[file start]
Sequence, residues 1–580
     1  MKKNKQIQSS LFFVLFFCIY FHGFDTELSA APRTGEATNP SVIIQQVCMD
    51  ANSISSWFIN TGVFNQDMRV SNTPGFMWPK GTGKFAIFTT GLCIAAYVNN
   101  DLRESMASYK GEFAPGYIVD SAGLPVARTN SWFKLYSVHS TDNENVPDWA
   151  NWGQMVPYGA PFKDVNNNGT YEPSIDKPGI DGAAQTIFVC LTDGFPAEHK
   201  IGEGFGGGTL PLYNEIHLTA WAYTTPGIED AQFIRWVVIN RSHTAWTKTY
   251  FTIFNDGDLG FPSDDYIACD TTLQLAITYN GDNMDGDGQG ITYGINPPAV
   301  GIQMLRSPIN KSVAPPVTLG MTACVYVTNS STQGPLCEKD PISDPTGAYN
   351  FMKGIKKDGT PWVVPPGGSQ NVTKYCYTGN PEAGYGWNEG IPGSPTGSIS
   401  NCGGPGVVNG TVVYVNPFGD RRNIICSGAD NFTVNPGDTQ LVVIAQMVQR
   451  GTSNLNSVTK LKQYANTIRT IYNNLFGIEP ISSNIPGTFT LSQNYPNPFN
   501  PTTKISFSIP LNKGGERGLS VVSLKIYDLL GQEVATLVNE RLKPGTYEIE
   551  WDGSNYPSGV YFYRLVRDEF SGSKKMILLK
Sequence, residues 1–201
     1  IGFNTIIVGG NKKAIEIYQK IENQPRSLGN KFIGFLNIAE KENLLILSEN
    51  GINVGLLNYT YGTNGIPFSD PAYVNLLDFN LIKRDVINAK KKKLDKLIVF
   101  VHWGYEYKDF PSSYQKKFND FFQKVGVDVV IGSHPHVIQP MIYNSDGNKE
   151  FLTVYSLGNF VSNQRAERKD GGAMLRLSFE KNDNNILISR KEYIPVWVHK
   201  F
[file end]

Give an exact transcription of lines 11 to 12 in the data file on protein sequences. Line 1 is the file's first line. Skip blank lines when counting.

   451  GTSNLNSVTK LKQYANTIRT IYNNLFGIEP ISSNIPGTFT LSQNYPNPFN
   501  PTTKISFSIP LNKGGERGLS VVSLKIYDLL GQEVATLVNE RLKPGTYEIE